This week I have attended two events celebrating International Women’s Day and on both occasions I would have liked to have seen more men.  Though I would describe myself as a feminist, I do not want to ascribe all of women’s challenges to an evil patriarchy, but rather to inherited and socially engrained standards which afflict both men and women.  And these need to change for both.

In this respect I also want to celebrate how far we have come, even though there is far to go.  When I entered the workplace, it would have been inappropriate to wear trousers (I was told off) and certainly inappropriate to allow one’s children to be visible.  Woe betide the mother who took time off for a sick child or the nativity play.  That would confirm the view that she was not serious.  None of that is now true.  Both mothers and fathers can reasonably say they will be leaving early to attend a school function, and more and more fathers do one or other end of the school run.

But of course there are parts of the world where there is much more basic progress to be made, most especially in girls’ education.  A world in which every woman is educated is a world where she can stand up for herself, demand proper treatment for her daughters and achieve visibility outside the home.  Last autumn I climbed Kilimanjaro to raise money for the Railway Children charity, and afterwards our team went to visit some of the projects that our money supported.  One family of five, with children from fifteen to two years, lived in one room about 4 metres square.  Survival was a higher priority than equality of opportunity, although we were supporting the education of all of the children, both girls and boys.

Yet, visiting back office centres in India, I’ve found young women with more confidence and willingness to be the first to ask a question than I find at events in the UK.  To stand up and be counted is a necessity.  That is not about behaving like a Victorian maiden who must be protected from anything that might upset her.  Demanding ‘safe spaces’ and freedom from affront feels to me like being unable to engage in debate with what is the other half of humanity, with whom we have more in common than otherwise.  We should celebrate men as well as women who have taken forward the banner of equal rights and opportunities.

It is of course hard to engage in thoughtful debate and sometimes easier to resort to strident accusations and indeed violence.  Which brings me to the question of whether I am a suffragist or a suffragette.  At both the events this week, speakers focused on the centenary of votes for (some) women in the UK this year.  At the first event, at which I was a speaker, the conversation focused on how to create ambition, and how to find mentors to allow one to realise it.  At the second, there was a fascinating lecture by Carol Harris on the background, both domestic and international, to the struggle for Votes for Women.  Much of the general knowledge about this struggle concentrates on the suffragettes, led by the Pankhursts, their focus on direct action – Deeds not Words – and the terrible treatment meted out to them by the government.  Much less attention is given to the suffragists, whose approach was peaceful, even when their marches were attacked, and who worked to gain allies which would enable parliamentary change to happen.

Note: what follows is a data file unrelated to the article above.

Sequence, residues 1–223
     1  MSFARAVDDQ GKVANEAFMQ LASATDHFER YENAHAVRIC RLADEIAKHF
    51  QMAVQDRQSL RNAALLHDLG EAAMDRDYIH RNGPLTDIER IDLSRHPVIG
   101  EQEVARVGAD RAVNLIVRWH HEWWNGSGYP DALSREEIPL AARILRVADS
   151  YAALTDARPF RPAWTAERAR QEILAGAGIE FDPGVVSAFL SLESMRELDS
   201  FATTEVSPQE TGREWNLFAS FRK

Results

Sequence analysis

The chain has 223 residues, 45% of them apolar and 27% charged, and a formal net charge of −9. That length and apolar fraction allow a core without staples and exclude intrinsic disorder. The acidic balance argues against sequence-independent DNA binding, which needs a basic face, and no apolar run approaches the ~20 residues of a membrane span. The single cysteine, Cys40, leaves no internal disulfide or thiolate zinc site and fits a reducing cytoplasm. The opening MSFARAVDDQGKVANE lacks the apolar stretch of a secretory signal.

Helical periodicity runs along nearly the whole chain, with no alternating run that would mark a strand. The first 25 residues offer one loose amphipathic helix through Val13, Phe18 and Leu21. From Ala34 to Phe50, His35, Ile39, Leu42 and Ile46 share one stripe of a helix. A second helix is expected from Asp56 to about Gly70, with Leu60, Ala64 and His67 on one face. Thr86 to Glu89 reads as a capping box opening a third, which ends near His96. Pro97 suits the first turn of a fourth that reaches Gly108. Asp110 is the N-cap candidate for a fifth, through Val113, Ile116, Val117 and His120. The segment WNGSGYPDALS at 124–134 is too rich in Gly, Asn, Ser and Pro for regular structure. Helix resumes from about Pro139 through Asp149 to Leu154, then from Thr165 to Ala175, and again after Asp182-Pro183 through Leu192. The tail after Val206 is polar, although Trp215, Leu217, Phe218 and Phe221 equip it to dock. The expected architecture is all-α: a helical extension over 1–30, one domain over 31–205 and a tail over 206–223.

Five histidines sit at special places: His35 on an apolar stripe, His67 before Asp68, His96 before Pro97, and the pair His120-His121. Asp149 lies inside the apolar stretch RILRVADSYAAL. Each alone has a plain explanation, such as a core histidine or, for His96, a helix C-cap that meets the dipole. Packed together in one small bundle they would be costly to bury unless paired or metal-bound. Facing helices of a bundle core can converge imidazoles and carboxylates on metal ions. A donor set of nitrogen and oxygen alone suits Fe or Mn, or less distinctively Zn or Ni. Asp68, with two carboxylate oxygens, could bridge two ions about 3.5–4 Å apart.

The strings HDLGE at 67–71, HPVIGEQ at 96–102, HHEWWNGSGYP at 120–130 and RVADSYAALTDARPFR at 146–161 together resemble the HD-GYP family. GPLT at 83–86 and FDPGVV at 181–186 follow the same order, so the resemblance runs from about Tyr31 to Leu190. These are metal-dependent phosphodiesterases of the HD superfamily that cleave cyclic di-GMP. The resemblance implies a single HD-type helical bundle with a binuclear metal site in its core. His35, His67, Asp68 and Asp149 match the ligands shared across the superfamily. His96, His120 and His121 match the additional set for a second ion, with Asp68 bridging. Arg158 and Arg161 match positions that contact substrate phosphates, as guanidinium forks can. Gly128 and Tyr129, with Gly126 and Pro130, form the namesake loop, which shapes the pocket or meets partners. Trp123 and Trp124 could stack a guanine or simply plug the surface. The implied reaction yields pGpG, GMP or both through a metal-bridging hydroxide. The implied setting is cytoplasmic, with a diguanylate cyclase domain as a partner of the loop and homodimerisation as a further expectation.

Which were the more effective?  Members of the WSPU had their health broken by violence and force feeding, and achieved massive visibility for their cause.  The NUWSS, led by Millicent Fawcett, certainly took at more gentle line, but in the process gained a less visible but perhaps more effective impact.  It’s a debate that perhaps we should pursue now to avoid labelling all men as bastard supporters of the patriarchy.  And I’m not totally sure where I stand.  I know that a younger me could have believed that only violence would end exploitation.  But even a fairly young me realised that this could end badly.  A society ruled by people who believe violence is a solution to disagreements is not a great place to live unless you toe the line or are part of the leadership.  Participation in revolutionary politics taught me that valuable lesson.

Of course, supporting careful debate, persuasion and evolution not revolution does not prevent me being passionate about equal opportunity, girls’ education here and abroad and uncovering and managing unconscious bias.  I will fight to reduce gender pay gaps, to support better jobs and better families, to ensure that bias does not undermine promotion opportunities, that maternity should not cut salary growth.

At the same time, I will also fight to respect difference and the right to make choices.  I might feel that your choice to stay at home with your children is not the best use of your skills, but I defend your right to do that.  I might think that you could make more difference in the world by working for a large business, but I defend your right to start your own business which can be small but where you won’t have to face the bias.  Indeed I have to defend that position as it’s the one I took myself!

International Women’s Day has been this year particularly thought provoking.  I shall have to sit down and think about my own next steps to uncover bias, both my own and others.  And I shall try to deal with violence peacefully.

Bridget Rosewell